Senator Warren's Bell Jar

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  • 02/13/2015

Will expanded government extortion result in fewer settlements? Will the NIH have to admit to its true role in drug development?

From today’s Wall Street Journal:

A “Swear Jar” for Drug Makers

By: Ed Silverman

Should drug makers that break the law be required to pay an extra penalty that would be used to fund the National Institutes of Health?

Sen. Elizabeth Warren (D-Ma.) believes this idea would not only provide needed money for medical research, but would help persuade drug makers to curtail bad behavior. Last month she introduced a bill, the Medical Innovation Act, that she has described as the equivalent of a swear jar.

Basically, drug makers that reach settlements with the federal government for paying kickbacks to doctors, defrauding Medicare or Medicaid, or illegally marketing medicines would have to pay 1% of annual net profits for each blockbuster medicine that originated with government-funded research. However, the law would only apply to drug makers with more than $1 billion in net profit.

The U.S. Department of Health and Human Services would be chartered with calculating payments, which would actually run for five years. Why? This is the same amount of time covering most settlements reached between drug makers and the Department of Justice.

No estimates were given on how much money might be raised for the NIH, but if the law had been in place five years ago, Sen. Warren claims the NIH would have gained an extra 20% in annual funding, or roughly $6 billion, on average, each year. This is real money.

 “We should make it easier for the biggest drug companies to help develop the next generation of cures, and harder for them to profit from breaking the law and defrauding taxpayers,” she told a conference last month. The payments, she noted, would be in addition to any settlement paid by a drug maker.

Not surprisingly, the pharmaceutical industry is having none of it. The trade group representing large drug makers slammed the proposal, calling it “misguided” and suggesting that needed money would be “siphoned” from research that develops new medicines.

Some also argue that Sen. Warren wrongly inflates the NIH’s role in creating drugs. She “should acknowledge the reality rather than trying to score political points that don’t match up with the facts,” says industry consultant Peter Pitts, a former FDA associate commissioner for external affairs.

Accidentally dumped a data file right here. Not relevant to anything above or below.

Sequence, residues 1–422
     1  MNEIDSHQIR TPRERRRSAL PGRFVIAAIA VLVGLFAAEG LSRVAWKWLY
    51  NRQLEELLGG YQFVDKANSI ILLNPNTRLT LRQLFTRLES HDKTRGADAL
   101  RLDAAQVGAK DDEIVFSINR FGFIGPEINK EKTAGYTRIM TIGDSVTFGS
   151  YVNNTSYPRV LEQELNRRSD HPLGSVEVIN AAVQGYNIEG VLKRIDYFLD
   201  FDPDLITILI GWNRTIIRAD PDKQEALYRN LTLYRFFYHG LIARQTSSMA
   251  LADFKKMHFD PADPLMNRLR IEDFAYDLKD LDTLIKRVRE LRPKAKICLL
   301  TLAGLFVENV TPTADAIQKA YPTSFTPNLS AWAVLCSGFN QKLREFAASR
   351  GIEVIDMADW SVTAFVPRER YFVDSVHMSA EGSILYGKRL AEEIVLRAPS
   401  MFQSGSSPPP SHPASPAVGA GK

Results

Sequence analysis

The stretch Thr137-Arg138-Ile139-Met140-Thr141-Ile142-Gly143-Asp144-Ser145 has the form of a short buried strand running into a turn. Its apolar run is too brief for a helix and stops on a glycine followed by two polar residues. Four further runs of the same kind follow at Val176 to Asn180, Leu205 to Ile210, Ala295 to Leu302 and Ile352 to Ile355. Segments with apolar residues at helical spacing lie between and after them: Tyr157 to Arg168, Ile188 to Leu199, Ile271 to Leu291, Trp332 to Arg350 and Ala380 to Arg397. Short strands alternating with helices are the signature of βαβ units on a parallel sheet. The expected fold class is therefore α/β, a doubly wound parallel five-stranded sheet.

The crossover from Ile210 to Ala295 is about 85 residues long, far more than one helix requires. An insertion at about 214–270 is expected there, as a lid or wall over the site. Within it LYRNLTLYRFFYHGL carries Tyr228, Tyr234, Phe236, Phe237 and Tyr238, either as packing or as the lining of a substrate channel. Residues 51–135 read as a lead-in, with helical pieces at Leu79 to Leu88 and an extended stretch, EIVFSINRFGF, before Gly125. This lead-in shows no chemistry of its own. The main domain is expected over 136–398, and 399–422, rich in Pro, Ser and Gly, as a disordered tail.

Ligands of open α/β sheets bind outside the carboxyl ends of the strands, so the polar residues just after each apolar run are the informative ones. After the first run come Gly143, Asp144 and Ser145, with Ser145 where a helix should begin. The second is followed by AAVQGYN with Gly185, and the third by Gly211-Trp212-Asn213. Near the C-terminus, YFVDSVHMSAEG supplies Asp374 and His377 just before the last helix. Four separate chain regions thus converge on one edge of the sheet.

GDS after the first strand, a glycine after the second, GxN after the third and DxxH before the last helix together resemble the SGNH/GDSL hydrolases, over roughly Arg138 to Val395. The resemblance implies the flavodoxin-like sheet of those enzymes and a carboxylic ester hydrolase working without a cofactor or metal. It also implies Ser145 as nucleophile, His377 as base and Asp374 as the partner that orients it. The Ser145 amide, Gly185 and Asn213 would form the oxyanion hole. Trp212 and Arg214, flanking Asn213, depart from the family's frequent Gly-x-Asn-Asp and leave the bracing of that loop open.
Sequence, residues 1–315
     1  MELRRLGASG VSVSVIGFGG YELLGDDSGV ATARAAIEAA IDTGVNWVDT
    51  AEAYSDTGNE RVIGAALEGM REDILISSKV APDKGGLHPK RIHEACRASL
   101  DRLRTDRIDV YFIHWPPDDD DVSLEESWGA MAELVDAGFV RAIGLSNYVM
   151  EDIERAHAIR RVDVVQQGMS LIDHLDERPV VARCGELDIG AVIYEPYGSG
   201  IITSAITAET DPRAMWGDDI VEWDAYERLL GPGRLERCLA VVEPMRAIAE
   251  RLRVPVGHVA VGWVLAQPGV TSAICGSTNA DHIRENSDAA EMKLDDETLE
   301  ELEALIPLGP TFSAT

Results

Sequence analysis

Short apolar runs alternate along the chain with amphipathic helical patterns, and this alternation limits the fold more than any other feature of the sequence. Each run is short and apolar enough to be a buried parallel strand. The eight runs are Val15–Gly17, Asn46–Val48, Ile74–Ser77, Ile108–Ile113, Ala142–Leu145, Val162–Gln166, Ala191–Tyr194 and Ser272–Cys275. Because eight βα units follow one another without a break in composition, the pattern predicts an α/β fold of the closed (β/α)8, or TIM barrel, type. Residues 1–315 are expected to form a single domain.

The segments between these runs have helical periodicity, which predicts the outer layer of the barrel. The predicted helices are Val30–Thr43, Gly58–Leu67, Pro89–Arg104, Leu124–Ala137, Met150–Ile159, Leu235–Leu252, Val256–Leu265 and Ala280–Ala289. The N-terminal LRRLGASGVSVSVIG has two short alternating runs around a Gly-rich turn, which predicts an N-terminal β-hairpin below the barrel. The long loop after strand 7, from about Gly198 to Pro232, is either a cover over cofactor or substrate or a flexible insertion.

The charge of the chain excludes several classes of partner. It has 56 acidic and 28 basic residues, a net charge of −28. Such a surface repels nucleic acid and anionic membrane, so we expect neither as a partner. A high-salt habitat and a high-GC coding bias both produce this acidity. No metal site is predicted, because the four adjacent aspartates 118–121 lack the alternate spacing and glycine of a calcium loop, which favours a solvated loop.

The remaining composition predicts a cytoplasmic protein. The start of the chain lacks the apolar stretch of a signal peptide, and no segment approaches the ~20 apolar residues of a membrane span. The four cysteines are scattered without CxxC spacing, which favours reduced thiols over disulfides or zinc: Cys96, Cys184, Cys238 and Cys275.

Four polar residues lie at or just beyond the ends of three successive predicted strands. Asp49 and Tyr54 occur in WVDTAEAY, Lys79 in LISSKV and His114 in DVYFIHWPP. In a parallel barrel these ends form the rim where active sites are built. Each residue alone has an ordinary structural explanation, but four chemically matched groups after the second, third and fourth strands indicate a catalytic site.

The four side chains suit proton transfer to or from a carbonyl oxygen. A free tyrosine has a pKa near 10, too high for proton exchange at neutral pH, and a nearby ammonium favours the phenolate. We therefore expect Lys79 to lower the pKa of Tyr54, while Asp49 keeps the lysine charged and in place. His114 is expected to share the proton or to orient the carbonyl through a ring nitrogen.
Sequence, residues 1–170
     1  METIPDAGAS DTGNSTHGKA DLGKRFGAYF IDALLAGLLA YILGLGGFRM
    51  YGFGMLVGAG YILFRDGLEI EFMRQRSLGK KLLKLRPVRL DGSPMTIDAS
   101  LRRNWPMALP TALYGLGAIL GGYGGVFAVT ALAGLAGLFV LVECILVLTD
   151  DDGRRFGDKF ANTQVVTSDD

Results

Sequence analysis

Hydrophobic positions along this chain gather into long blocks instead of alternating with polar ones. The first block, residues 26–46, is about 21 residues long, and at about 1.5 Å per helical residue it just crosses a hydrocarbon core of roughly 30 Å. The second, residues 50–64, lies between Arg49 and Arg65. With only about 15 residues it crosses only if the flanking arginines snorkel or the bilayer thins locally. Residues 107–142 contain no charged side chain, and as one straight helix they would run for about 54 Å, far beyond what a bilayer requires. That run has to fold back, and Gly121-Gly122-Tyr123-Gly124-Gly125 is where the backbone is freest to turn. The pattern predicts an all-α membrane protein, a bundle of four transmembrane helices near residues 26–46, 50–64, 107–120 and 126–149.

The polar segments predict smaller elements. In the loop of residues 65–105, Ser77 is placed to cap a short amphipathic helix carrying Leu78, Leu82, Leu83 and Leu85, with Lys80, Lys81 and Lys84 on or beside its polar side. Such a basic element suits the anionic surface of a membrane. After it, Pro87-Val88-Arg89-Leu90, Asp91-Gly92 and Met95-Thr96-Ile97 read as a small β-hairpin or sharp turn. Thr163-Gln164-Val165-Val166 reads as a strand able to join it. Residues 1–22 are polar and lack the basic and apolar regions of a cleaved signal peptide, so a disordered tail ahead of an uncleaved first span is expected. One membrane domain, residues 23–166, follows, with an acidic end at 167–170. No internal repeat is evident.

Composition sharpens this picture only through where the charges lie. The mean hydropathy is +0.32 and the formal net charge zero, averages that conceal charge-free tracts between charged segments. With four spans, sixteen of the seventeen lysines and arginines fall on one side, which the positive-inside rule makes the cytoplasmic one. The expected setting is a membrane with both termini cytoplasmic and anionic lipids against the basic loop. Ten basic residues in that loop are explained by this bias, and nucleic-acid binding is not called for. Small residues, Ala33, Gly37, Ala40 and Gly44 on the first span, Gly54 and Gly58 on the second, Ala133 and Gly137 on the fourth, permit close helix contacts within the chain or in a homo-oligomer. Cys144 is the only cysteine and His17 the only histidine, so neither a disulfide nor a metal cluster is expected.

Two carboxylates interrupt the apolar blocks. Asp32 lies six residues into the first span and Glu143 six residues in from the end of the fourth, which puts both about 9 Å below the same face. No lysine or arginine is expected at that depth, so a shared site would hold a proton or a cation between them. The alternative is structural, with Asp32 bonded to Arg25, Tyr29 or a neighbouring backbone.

Meanwhile, the amount of money the bill may generate is a question mark, since this depends on the number of settlements. Pat Burns of Taxpayers Against Fraud, a nonprofit funded by attorneys, says numerous cases are under way.

Drug makers are already grumbling that device makers are exempt, because the bill focuses on companies that sell blockbuster drugs. But any company that sells both products could be subject to a penalty. The real issue, though, is that the pharmaceutical industry is expected to fight back.

“This is a very powerful lobby,” says Paul Thacker, a former aide to U.S. Sen. Chuck Grassley (R-Iowa), who led investigations of drug and device makers. “We need more medical research funding, but I think she needs to make a case that these violations lead to poor outcomes that increase health costs. A swear jar sounds great, but this is going to be a tough.”

For more on this, see this story in The Hill.


Center for Medicine in the Public Interest is a nonprofit, non-partisan organization promoting innovative solutions that advance medical progress, reduce health disparities, extend life and make health care more affordable, preventive and patient-centered. CMPI also provides the public, policymakers and the media a reliable source of independent scientific analysis on issues ranging from personalized medicine, food and drug safety, health care reform and comparative effectiveness.

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